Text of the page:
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Juan-Claude de Villiers
To say that containers caused a hype in the software industry is the understatement of the century. Containers completely revolutionized the way we design, develop, package, distribute, run, and scale applications and APIs in the modern digital enterprise.
In this post, I will try to tame the revolution by unpacking what containers are all about, why they are important to us, and the ecosystem that supports the cause.
Applications and APIs form the cornerstone of the modern digital enterprise. If they break, business stops, revenue takes a hit, and most importantly customer satisfaction is affected negatively.
These core components need to be hosted on infrastructure in the form of a server. Due to the fundamental concepts of server architecture and operating systems it was standard practice to have dedicated servers for each mission-critical business application or API. The reason for this was around the inability to effectively isolate resources for multiple components on a single physical server.
As a result, the typical flow of events went something like this -- every time business needed a new application, IT (Information Technology) went out and bought a new server. With no one really knowing what the specifications of the hardware should be, IT played it safe and bought a high-end machine as they did not want to be the cause of this new application performing sub-standard on underpowered hardware.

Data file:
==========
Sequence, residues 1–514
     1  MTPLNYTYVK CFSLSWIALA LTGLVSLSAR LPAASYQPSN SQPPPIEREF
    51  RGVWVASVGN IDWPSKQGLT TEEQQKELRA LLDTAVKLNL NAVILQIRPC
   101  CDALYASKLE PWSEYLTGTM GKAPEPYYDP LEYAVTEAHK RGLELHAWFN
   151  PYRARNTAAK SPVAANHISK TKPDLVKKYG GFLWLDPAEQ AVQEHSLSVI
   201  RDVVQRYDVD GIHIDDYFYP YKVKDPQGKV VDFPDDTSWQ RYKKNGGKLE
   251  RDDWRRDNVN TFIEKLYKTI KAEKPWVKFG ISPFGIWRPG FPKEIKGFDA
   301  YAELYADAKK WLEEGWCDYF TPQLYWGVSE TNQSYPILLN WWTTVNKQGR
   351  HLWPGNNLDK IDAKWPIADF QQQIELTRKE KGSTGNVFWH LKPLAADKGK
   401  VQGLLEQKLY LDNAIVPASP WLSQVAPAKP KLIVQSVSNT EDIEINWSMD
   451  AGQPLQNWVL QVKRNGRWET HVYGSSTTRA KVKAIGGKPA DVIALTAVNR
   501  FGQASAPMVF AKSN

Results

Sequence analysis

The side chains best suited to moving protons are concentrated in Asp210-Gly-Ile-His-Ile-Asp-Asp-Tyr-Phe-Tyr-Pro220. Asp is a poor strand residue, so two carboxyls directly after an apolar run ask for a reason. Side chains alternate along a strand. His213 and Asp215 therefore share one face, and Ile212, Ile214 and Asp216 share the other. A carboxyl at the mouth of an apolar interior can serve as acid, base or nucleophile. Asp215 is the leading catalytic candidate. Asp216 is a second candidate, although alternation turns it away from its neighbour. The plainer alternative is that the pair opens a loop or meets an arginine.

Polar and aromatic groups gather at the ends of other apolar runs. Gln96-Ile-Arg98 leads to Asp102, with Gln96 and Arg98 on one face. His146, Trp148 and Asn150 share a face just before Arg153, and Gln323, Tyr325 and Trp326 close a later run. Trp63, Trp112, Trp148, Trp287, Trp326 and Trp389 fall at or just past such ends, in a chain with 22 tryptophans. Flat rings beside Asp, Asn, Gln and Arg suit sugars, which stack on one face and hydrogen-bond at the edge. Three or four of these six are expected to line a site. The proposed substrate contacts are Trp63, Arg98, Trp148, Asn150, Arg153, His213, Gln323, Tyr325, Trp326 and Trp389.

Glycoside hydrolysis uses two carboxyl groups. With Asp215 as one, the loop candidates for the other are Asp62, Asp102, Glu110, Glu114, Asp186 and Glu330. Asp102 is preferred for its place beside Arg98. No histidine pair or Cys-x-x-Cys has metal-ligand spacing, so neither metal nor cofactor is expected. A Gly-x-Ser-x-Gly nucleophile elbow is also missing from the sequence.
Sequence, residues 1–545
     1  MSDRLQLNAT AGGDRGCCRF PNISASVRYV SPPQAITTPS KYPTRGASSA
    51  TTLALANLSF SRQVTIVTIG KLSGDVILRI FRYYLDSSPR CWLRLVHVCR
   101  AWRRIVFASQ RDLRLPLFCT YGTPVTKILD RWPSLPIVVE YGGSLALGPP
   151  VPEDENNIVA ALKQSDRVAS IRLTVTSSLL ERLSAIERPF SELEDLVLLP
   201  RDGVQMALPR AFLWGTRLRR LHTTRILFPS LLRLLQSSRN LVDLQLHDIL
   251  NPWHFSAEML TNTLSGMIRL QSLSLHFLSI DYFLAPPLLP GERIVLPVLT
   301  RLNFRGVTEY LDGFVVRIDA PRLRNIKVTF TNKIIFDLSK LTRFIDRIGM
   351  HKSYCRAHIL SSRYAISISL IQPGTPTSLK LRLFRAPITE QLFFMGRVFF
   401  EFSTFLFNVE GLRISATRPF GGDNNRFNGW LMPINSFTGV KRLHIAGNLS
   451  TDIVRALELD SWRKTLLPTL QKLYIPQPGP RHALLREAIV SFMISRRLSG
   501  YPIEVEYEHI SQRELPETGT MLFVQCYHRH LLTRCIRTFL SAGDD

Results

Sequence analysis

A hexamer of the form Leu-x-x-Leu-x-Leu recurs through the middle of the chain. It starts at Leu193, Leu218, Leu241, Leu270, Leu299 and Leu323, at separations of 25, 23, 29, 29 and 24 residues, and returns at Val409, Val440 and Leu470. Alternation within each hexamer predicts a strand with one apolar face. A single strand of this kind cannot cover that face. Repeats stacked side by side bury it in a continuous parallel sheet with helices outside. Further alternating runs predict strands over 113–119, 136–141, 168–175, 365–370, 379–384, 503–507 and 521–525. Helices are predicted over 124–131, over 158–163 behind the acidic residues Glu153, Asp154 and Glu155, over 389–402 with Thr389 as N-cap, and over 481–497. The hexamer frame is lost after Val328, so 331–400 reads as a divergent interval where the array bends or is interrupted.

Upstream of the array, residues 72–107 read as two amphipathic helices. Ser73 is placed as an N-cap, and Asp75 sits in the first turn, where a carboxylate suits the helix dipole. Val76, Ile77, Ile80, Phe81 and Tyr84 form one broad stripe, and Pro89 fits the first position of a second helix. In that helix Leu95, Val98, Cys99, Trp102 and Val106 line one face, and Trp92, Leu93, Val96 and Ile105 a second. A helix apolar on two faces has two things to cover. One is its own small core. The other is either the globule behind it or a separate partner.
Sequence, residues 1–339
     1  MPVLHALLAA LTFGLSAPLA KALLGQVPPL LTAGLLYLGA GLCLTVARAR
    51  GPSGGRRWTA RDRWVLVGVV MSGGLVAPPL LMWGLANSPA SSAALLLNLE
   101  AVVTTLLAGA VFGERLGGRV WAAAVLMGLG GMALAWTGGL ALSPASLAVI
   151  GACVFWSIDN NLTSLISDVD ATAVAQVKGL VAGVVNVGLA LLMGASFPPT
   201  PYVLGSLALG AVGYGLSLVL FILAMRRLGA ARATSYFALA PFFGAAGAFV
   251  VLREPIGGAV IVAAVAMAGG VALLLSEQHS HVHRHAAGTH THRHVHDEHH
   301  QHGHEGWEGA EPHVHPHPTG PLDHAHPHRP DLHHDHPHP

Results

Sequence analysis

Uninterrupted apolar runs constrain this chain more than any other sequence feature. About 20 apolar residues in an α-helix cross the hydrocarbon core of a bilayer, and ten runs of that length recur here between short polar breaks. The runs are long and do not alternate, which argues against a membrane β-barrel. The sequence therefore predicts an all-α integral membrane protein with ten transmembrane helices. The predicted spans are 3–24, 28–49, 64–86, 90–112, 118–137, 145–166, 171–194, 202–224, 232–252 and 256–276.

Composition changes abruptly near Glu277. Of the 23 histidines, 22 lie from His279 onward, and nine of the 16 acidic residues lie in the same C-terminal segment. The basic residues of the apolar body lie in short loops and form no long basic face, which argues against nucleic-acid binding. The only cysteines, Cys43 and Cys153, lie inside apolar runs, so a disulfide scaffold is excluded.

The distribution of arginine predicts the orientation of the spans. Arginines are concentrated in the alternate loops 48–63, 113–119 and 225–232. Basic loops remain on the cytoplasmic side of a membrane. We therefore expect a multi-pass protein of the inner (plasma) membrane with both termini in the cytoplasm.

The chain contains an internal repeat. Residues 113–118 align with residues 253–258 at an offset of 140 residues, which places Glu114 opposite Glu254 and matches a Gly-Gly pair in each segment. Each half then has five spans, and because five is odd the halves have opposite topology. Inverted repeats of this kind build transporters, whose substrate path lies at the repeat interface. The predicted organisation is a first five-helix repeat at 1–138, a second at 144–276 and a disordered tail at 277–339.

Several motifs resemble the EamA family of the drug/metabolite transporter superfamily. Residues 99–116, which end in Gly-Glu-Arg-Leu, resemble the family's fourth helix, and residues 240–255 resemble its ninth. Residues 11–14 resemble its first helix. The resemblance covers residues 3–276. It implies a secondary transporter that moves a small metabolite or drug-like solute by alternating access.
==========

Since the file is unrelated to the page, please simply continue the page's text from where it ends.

This led to many over-powered servers running at less than 10% of their potential capacity in many cases, a tragic waste of environmental resources, datacenter space, operational resources, and money.
During the late 90’s and early 2000’s there was a momentous shift in the way we obtain and use IT infrastructure. VMWare was one of the first commercially successful organizations to virtualize the x86 architecture and now finally we had a secure and isolated way of running multiple business applications on the same underlying hardware.
IT departments no longer had to buy dedicated servers for each new business application, they now had the ability to better use spare capacity on existing hardware and therefore extracting the maximum value from the hardware investment.
Even though virtualization was a game changer, it had its fair share of challenges, too. The fact that each virtual machine had to have its own operating system, CPU, RAM, and disk space allocation meant that valuable system resources got wasted due to the footprint of each virtual machine. Besides the wasted resources and slow startup time of VM’s, each operating system required licensing, operational maintenance, and monitoring. Moving workloads between hypervisors or even across multiple cloud platforms are more challenging than it should be in many cases.
A new revolution was desperately needed . . . Hello, Containers!!!